"We will be moving momentarily" drives me crazy. Momentarily means "for a moment." It has been corrupted in the U.S. to mean "soon" or "in a moment." Though I suppose in Metro's current state, "We will be moving for a moment" is appropriate.

Posted by: runnergirl03 | July 1, 2009 3:39 PM | Report abuse

I know some people in Friendship Heights/Bethesda who have resorted to riding outbound Red Line trains to White Flint or Twinbrook, and then transferring across the platform to an inbound train.

Posted by: thetan | July 1, 2009 3:42 PM | Report abuse

" enter the system at Grosvenor, and every train I've seen since the accident has been jam packed. They're full before reaching White Flint --it took 25 minutes (2 trains in 25 minutes) to squeeze onto one today."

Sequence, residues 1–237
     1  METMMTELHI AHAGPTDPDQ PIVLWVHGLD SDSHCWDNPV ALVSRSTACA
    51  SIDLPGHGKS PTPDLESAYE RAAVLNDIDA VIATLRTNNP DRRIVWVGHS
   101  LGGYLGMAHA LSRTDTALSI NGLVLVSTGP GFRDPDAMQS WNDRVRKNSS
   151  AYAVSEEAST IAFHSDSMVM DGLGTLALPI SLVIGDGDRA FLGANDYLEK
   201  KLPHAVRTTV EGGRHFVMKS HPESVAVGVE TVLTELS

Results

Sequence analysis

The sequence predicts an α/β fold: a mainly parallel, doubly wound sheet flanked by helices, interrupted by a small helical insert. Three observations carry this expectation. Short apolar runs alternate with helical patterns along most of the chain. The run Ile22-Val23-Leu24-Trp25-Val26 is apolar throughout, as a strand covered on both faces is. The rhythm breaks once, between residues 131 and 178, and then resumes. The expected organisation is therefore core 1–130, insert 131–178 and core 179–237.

What time are you boarding the train? I have been boarding the train at either White Flint or Twinbrook at 8:30am (as usual) and since the crash I haven't had that much problem getting on a train. Definately more crowded than usual but I'd say more than half the time I even get a seat. I also haven't waited more than 5 mintues for a train at that time of the morning. Do you have any flexibility with your work schedule that you could go in later to avoid some of the worst crowds? You might not get a seat at 8:30, but you'll get on the train.

Posted by: UMDTerpsGirl | July 1, 2009 3:57 PM | Report abuse

gallery place is ridiculous and dangerous. i'm amazed nobody has been pushed onto the tracks and killed. i feel like i have been through a war zone by the time i get to work.

Posted by: geneticcounselor2 | July 1, 2009 4:16 PM | Report abuse